Conspiracy theories surrounding the coronavirus (COVID-19) pandemic are many, widely circulated and believed by more than just a fringe group of people.
That’s the conclusion recently arrived at by Insights West, a marketing research firm based in Western Canada. Insights West recently released a new poll based on an online study among a sample of 1,603 Canadian residents. The study found various COVID-19 conspiracy theories are believed by a sizable minority of Canadians across the country, at levels that rival many conspiracy theories that have been circulating for decades.
The theory believed by 37 per cent of Canadians is that COVID-19 was created in a lab and escaped by mistake. Another 31 per cent believe in a more sinister variant of this conspiracy—that it was created in a lab intentionally as a biological weapon.
Another 15 per cent believe pharmaceutical companies have helped spread the virus. Just nine per cent of Canadians believe the vaccine includes a chip to track people but only six per cent think there is a connection between 5G internet and the virus.
Males much more likely than females to believe conspiracy theories
The poll also found political alignment and gender were factors in how many people believe COVID-19 was created in a lab or as a biological weapon.
“Males are much more likely than females to believe these two theories (both 12 percentage points higher than for females); BC and English Quebec residents are less likely relative to residents in other provinces to believe either,” the poll found.
People who voted Conservative in the last federal election are nearly twice as likely as Liberal and NDP voters to believe COVID-19 was created in a lab. Another 38 per cent of Conservative voters believe it was created as a biological weapon while 21 per cent of Liberal voters and 24 per cent of NDP voters believe the same theory.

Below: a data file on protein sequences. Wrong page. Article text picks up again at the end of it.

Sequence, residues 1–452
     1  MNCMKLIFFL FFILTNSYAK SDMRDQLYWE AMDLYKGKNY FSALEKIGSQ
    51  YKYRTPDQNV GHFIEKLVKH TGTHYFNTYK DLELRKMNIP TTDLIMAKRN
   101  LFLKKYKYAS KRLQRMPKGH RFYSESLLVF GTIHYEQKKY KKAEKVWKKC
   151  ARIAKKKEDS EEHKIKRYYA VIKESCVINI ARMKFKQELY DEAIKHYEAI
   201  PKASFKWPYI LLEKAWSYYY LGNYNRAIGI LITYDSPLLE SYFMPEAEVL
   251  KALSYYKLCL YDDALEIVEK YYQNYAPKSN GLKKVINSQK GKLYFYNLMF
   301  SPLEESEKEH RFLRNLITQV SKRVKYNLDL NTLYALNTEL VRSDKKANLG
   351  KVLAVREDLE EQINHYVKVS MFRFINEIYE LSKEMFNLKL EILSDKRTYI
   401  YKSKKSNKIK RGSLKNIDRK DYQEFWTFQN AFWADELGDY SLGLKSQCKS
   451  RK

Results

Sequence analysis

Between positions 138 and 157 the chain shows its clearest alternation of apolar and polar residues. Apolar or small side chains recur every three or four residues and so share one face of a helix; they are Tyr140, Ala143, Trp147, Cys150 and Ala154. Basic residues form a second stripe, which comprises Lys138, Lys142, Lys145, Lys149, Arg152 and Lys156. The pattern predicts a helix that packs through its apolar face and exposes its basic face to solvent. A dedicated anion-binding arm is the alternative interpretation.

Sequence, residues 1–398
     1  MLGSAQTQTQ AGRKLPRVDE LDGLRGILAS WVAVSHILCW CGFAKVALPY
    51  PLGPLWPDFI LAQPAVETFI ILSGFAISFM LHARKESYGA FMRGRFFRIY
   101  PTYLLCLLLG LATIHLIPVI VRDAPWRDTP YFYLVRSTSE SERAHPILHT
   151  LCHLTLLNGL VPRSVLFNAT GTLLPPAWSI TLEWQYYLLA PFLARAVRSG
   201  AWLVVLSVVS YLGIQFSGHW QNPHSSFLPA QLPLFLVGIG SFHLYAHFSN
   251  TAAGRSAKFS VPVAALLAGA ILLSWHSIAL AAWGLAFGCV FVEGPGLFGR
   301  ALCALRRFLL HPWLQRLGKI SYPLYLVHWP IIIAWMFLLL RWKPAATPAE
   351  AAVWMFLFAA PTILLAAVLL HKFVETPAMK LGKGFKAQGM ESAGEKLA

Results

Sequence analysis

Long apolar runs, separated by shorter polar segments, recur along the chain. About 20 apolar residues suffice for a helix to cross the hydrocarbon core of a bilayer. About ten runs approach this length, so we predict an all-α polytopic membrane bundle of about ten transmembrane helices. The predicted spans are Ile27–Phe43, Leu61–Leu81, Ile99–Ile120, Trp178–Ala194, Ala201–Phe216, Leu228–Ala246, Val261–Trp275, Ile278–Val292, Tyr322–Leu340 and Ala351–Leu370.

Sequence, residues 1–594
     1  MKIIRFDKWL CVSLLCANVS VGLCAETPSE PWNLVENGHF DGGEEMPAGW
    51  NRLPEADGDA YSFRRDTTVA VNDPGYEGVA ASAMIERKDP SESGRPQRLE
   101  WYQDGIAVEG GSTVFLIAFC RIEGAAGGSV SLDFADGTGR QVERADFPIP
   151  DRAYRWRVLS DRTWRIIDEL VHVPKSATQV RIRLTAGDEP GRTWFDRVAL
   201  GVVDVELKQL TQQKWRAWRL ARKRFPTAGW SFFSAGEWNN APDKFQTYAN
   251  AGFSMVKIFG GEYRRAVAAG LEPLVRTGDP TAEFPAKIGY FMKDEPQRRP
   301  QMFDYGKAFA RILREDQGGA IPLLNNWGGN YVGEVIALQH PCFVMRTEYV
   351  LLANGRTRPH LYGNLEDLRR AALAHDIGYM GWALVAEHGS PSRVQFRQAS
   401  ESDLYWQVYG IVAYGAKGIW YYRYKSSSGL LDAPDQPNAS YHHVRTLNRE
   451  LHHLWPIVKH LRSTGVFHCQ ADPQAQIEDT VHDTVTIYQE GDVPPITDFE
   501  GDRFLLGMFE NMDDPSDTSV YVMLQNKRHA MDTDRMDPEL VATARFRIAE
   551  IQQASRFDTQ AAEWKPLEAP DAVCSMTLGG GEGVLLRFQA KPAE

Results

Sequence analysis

For comparison, 58 per cent of Canadians believe UFOs exist, 17 per cent believe in the Ogopogo and 12 per cent believe the lunar landings were faked.
“The proliferation of these theories has been exacerbated by the shareability of these views on social media, which has elevated conspiracy theories to perhaps as high as it’s ever been in today’s world,” said Steve Mossop, president of Insights West. “I believe that the vaccine hesitancy that we are seeing in this country can be widely attributed to these swirling conspiracy theories.”
Don't argue the facts
In December last year, in response to anti-mask protests in Vancouver, we reached out to experts to learn more about how people come to believe these theories and how to speak with them.
David Black, a communications theorist at Victoria's Royal Roads University, says there are a few tricks to questioning these ideologies without sparking outrage.
The first is to do the exact opposite of what could be our knee-jerk reaction - to argue the facts of their position. Black says that by doing this you are playing directly into their hand as they now have all they need to deflect something that is empirically true.
"Once you do that you are arguing within their frame of reference and conspiracy theories are designed to refute contrary evidence," Black said.
Instead, Black suggests examining the way of thinking that got the person to their conclusion. This is not something that can be done via a Facebook comment or a Twitter thread Black warns, saying a high level of trust is needed to be formed in order to have that conversation.
"Once you have established that relationship of trust then you say 'let's talk about what this kind of thinking that you're indulging is about,” he said. "You kind of examine the designed features, you examine the systemology of conspiracy theory itself."